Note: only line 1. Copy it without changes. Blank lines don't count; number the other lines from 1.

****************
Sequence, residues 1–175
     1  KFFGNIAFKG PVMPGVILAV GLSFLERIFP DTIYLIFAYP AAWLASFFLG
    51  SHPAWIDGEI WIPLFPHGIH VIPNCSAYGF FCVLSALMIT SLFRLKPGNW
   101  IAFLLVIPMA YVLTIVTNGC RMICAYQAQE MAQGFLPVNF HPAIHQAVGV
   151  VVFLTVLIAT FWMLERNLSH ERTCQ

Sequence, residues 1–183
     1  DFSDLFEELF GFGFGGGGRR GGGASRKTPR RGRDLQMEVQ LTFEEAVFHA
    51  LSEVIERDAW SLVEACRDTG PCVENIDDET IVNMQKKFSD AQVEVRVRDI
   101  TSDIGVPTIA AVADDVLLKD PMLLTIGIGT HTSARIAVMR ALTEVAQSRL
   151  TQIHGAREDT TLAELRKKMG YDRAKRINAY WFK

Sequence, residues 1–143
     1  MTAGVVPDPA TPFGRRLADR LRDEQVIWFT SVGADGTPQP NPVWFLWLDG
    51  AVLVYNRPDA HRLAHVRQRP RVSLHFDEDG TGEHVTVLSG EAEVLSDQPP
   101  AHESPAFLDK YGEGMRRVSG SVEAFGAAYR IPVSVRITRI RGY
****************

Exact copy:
Sequence, residues 1–175